(Image: AAP/Dean Lewins)


Sydney’s southwest will see a fairly heavy-handed police presence from today as more than 100 extra police officers will be patrolling Liverpool, Fairfield, and Canterbury-Bankstown, the ABC reports. Eyebrows have been raised as the three LGA’s are some of Sydney’s most diverse regions: the 2016 census suggests 65.9% of residents in Canterbury-Bankstown and over 75% of people in Fairfield spoke a language other than English at home, Guardian Australia says.

Lebanese Muslim Association president Samier Dandan told the ABC the police hadn’t cracked down as hard on other areas in the past and this “disproportionate” response would be harmful to the multicultural community. Western Sydney business owner Bashar Krayem told Guardian Australia his community feels they’ve been made the “scapegoats”.

Delta is proving much more dangerous than outbreaks in the past — the SMH reports that one in 10 of NSW’s 395 cases is now in hospital. The deployment is a bid to curb non-compliance with NSW’s public health orders, which stipulate people must stay home unless they are shopping, exercising or receiving medical (including the jab). However, The Daily Mail has published photos from Monday of Natalie Portman and her family on a leisurely boat ride in Sydney with Sacha Baron Cohen and his kids. The stay-home rules do broadly permit “exercise”, but would a boat ride really be considered an essential outing? It’s quite the juxtaposition.

NSW Health announced 38 new locally acquired COVID-19 cases on Thursday, making it the highest number of new infections in 24 hours in over a year, the ABC says. Victorians are being urged to avoid their neighbouring state at all costs, the Herald Sun says, as the southern state considers a hard border.


Guardian Australia reports the Coalition’s proposed anti-corruption commission would have no power to investigate recent controversies like car parks, sports rorts, and questions about expense claims.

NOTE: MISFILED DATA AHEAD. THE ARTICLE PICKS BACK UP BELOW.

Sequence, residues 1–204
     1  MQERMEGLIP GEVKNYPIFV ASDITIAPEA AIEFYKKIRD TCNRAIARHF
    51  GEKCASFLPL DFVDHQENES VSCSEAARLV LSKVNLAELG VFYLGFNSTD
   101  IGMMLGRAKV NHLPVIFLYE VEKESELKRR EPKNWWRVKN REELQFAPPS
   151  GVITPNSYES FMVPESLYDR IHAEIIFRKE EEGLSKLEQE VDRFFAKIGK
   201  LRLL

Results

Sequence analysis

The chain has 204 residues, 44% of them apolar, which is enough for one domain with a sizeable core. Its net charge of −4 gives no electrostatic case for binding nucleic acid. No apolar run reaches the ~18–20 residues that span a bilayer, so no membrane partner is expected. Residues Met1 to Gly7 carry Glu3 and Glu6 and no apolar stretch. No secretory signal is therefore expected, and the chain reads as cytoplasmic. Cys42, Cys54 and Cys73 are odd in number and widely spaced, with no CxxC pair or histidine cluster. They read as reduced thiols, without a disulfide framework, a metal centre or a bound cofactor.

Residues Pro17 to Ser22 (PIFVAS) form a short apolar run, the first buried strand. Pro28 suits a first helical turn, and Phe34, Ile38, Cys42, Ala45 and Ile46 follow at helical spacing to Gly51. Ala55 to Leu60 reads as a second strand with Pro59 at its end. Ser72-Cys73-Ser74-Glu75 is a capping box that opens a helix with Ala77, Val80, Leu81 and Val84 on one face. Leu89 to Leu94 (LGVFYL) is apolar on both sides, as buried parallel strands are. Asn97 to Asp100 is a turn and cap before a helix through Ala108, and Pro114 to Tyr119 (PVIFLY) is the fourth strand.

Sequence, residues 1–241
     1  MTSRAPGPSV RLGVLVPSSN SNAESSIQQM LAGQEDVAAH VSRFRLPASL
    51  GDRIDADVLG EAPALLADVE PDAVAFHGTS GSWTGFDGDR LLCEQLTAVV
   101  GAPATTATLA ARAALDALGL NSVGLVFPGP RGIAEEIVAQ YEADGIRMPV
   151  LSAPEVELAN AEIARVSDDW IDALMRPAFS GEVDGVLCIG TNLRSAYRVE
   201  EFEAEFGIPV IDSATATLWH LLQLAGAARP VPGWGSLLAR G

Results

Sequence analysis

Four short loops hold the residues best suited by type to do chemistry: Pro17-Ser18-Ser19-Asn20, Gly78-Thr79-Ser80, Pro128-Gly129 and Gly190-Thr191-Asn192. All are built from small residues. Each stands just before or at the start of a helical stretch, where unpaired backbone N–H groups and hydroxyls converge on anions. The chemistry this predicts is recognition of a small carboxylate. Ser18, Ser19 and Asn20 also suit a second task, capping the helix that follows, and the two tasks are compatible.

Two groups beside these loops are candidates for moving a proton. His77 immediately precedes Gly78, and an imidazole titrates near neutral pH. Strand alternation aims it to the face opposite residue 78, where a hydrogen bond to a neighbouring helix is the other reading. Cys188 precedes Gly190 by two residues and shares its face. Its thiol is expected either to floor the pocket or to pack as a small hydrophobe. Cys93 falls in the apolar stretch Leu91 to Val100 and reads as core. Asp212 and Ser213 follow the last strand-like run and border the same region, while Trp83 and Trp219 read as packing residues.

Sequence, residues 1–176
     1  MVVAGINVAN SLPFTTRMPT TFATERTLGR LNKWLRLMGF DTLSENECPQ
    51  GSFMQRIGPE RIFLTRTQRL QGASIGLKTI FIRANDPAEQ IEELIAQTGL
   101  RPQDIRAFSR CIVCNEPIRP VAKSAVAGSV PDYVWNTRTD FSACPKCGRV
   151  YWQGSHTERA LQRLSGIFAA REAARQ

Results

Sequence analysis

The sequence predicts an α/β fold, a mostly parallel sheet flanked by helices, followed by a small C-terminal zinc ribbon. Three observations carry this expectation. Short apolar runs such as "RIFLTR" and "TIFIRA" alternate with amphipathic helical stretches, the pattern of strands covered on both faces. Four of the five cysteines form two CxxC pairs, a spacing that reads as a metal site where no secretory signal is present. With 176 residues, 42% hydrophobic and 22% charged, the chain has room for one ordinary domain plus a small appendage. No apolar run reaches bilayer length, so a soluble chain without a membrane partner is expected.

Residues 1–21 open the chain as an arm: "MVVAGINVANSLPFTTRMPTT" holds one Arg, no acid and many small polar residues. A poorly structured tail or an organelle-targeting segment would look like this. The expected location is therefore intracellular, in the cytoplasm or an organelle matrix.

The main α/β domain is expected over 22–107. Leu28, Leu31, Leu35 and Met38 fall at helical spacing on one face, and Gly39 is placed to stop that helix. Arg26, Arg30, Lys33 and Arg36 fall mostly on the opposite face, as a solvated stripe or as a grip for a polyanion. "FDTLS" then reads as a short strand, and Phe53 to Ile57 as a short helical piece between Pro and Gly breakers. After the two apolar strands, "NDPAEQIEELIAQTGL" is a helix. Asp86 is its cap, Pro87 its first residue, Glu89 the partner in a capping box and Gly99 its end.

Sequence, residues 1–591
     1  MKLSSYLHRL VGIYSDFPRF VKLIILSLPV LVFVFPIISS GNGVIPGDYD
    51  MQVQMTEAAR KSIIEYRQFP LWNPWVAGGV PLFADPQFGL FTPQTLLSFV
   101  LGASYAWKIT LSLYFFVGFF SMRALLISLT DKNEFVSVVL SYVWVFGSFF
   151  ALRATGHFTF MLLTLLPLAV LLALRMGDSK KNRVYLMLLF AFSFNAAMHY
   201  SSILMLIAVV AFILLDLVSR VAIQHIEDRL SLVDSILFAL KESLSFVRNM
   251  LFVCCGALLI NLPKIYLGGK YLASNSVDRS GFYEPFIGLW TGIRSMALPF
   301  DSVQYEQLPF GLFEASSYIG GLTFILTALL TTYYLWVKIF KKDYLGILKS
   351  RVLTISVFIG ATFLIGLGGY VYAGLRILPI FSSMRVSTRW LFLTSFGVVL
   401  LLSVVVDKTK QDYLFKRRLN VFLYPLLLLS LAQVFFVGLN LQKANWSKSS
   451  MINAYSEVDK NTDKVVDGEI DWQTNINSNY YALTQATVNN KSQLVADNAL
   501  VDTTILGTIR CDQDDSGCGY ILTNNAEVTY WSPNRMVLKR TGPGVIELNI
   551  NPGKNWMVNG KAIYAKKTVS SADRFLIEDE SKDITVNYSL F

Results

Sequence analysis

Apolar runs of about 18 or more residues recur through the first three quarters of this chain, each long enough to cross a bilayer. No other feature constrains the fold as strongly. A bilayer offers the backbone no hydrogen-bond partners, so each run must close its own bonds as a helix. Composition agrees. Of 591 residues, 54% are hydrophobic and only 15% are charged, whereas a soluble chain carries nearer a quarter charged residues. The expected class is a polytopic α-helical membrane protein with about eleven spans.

The Commonwealth Integrity Commission, which was described by the government as a “centralised, specialist centre investigating corruption in the public sector”, must have a reasonable suspicion that a criminal offence was committed before it can begin an investigation. Under the draft legislation, behaviour that is corrupt, but does not amount to an offence, would fall short of that.

As constitutional expert Anne Twomey pointed out, “we already have people who investigate criminal offences. They are known as police”. The Police Federation of Australia spoke to the SMH in May, describing “serious deficiencies” in the draft law, particularly that regular citizens can’t report cases to the commission.


Wage dynamics in Australia have been permanently changed by foreign labour, Reserve Bank of Australia (RBA) Governor Philip Lowe said. He told the Economic Society of Australia on Thursday that Australia’s dependence on migrant workers was partly the cause for low wage growth in the country, the SMH reports. The RBA has said it will not lift interest rates until wages growth is above 3%, a rate which has not been seen in Australia in at least a decade.

Lowe said the dependence has diluted the ‘‘incentive for businesses to train workers to do the required job’’ but that foreign workers had helped fill gaps where workers were in short supply, helping Australian businesses prosper, the ABC says. The ATCU union’s Michele O’Neil agreed, and said migrants were not to blame for the dilution: “it’s unscrupulous employers who want to bring in workers on temporary visas where they are easily exploited”.

There has been increasing discussion among the RBA and economists of late about migrant workers as border closures have seen the workforces disrupted. Lowe said strong labour force participation, particularly from women and people aged over 55, had boosted the supply of workers during this time, which in turn had also contributed to keeping a lid on wages.


Content warning: sexual assault

A former Liberal politician of the Whitlam, Fraser, Hawke, Keating and Howard eras has broken her silence about a sexual assault in Parliament, ABC reports. Kate Sullivan, who worked for 27 years as a legislator, says she was sexually assaulted by a male colleague in his office in either 1983 or 1984 as the pair shared a glass of port while Senate was in session. Sullivan, who was a frontbencher at the time, said the unnamed colleague grabbed her suddenly, and when she struggled “hard, really hard”, he let go and called her an expletive as she fled.